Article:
A chance encounter with a teenage girl and her distraught baby inspired Rezwan Hussain to open a school for girls in the slums of Dhaka’s Rayer Bazar.
Rezwan is the founder and principal of Ariel School. He is also an assistant professor at the University of Liberal Arts Bangladesh (ULAB), where he teaches economic development, business, and English composition.
In the spring of 2015 Rezwan was walking the slums near ULAB when he met a 14-year-old girl carrying a baby. Her baby. The baby’s arm appeared to be broken. Rezwan rushed them both to a nearby hospital to oversee treatment for the infant. He learned that the young girl got money by begging. The father of the child did little or nothing for the family. Rezwan glimpsed the future — “perhaps only thirteen-and-a-half short years from now” — when the little baby with the bandaged arm might be carrying her own child.
“I thought, ‘This is nuts. The one thing that might break this cycle is education. Getting young girls in school and keeping them there.’”
Shortly after this incident Rezwan watched his economic development students give a hand washing and hygiene info session for kids in this same slum community. When the session finished he asked one of the parents, a rickshaw driver named Billal, if the kids would be heading off to school now that the presentation was over.
“Billal said, ‘Probably not. Half the kids don’t go to school.’”
Rezwan was shocked. Universal primary education is the law in Bangladesh. Though at $25 for admission fees and $6 a month plus expenses, it’s no wonder so many youngsters don’t go to school. As Rezwan was leaving, Billal shouted, “Hey — why don’t you start a free school?”
Rezwan needed more info about slum children and school attendance. His students did a random survey in Rayer Bazar, seeking the poorest of the poor, especially households with a young daughter.
“My students asked residents if their daughter was registered in school. Most said, ‘No.’”
Rezwan’s idea began to percolate. The goal was to teach preschoolers, specifically girls aged 3–4, from the poorest homes, the ones with little or no income, with thatched roofs and tin walls, shoddy electric and gas feeds, and contaminated water supplies. As most of the adults did low-paying work — if any — even the seemingly paltry expense of $6 a month was unfeasible to most. Rezwan’s challenge was to figure out how to get slum parents to enroll their daughters when the household had next to no income.
“If the tuition were free, of course that would help. But what if it were a girls-only school? Would that increase enrollment?”
Thus the survey asked slum residents another question: Would you consider sending your daughter to an all-girls school? Ninety percent said Yes.
Ariel School wants to empower its preschoolers. Like many young girls in Bangladesh, these female students face pitfalls: dropping out, child marriage, poverty.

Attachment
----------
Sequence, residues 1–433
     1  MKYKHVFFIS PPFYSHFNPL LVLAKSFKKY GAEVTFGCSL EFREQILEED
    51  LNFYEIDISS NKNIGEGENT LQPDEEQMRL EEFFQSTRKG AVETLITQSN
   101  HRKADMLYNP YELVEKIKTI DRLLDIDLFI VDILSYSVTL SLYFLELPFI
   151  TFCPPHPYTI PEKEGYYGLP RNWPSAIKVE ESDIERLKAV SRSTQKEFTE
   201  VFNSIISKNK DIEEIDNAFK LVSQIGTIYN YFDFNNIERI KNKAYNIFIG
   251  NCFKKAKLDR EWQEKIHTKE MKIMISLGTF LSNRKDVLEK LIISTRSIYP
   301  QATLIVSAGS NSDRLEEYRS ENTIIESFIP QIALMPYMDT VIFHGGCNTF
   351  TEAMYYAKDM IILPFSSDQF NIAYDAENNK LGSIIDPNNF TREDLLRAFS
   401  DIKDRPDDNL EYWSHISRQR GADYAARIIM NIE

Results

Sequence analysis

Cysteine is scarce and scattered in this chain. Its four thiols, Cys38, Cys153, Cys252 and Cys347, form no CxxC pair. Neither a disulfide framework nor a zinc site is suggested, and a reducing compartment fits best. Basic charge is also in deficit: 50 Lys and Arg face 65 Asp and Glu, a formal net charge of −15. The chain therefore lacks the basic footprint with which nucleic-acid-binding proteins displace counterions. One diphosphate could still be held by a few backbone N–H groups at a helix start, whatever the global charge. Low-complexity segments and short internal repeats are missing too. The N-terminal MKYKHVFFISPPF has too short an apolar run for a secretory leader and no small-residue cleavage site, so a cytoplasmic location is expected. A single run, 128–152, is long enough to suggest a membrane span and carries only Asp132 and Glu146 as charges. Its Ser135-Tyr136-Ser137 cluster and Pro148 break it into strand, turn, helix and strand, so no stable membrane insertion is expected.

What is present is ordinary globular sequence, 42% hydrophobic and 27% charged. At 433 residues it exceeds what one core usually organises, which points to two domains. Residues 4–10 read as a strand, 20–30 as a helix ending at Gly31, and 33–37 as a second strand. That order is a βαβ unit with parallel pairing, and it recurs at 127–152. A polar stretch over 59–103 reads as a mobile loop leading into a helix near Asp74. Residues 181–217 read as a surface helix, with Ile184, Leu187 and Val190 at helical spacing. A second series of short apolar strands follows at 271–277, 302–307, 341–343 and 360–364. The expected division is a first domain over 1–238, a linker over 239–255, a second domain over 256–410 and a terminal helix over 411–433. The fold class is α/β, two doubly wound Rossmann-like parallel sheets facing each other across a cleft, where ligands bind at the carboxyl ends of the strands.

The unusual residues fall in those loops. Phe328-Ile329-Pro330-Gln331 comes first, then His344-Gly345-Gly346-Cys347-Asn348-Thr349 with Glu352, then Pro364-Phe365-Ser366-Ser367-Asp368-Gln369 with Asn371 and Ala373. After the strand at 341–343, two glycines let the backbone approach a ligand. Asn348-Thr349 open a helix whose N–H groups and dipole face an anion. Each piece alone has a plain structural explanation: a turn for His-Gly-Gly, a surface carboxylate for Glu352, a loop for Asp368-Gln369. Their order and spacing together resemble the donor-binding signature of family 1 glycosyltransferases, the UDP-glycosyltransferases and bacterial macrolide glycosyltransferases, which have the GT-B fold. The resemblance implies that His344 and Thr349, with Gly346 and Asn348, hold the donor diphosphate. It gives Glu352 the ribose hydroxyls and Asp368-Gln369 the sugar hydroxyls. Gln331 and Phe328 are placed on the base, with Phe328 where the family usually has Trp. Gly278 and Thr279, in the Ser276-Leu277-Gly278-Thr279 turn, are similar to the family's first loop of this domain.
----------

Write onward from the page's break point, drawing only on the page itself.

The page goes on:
Beliefs also play a surprisingly large role in whether a young one stays in school. While money and costs are without doubt obstacles, warped beliefs (“We’re poor, we’re not supposed to be in school”) have a profound influence on attendance, particularly so for female students. Rezwan believes that providing girls a safe sanctuary like Ariel at an early age will instill habits, skills, routines, and beliefs powerful enough to influence these girls to continue their studies — hopefully long enough to avoid the fates of so many young slum mothers.
Perhaps equally important, but overlooked under the towering shadow of intergenerational poverty, is how basic knowledge — counting, learning the alphabet, writing one’s name — and physical activities like singing and dancing can lift a little one’s spirits, relieving stress, if only temporarily.
In the summer of 2015 Rezwan began searching for a classroom. After a few dead ends, he got lucky. Once again his students figured into a fortunate chain of events. Out wandering the neighbourhood one day they found a space behind the local high school. It was on the second-floor and needed renovations. But it was a space.
Next, teachers. Since Rezwan hadn’t any money to pay teachers he looked for volunteers among his own students and others at ULAB, via the college’s community service program. More than 100 were registered volunteers in the program. Almost effortlessly Ariel School had a staff — even before it had a curriculum or supplies. Thanks to Rezwan’s sister’s friend, who runs a well-known, private K–12 school in Dhaka, books were delivered, a curriculum was drawn up, and teacher training was organized.
Ariel’s washroom facilities are the last pieces of the puzzle and, as of this writing, are in the process of being installed. The school is set to open in early April 2016.
“What I’ve learned,” says Rezwan, “is that things don’t always go according to plan. Trying to start a preschool in the slums of Dhaka is unpredictable. In Bangladesh everything takes far longer than you’d expect. But, I also got lucky. I asked people for their help. I had a vision and thought, ‘Why not give it a shot?’”
This isn’t the end of Ariel’s story. In fact, it’s just the beginning.
We need YOUR support — your donations — so that we can feed these 25 preschoolers at Ariel and others like them on our wait list. As Rezwan says, “One small, healthy meal would encourage attendance, build morale, and promote the physical and cognitive development of the children.”
Please help us give these little girls a chance to forge their own positive destinies. Together we can break the vicious cycle of poverty and despair that is all too common in Dhaka’s slums.